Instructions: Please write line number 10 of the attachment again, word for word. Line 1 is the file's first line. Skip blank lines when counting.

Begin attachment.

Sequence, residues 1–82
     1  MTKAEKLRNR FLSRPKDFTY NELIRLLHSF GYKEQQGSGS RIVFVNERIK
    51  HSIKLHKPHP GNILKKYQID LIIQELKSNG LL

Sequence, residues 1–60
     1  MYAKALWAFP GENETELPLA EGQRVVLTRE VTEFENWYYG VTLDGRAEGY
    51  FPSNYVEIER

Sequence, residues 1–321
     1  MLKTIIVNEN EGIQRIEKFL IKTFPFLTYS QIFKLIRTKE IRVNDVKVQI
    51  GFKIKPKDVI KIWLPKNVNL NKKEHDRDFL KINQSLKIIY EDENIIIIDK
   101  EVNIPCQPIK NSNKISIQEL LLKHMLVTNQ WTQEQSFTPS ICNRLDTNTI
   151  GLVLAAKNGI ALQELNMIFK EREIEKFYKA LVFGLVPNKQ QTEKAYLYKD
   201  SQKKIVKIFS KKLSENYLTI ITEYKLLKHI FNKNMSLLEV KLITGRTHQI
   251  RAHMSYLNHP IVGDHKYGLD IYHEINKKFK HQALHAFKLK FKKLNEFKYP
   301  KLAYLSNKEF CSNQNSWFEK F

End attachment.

   101  EVNIPCQPIK NSNKISIQEL LLKHMLVTNQ WTQEQSFTPS ICNRLDTNTI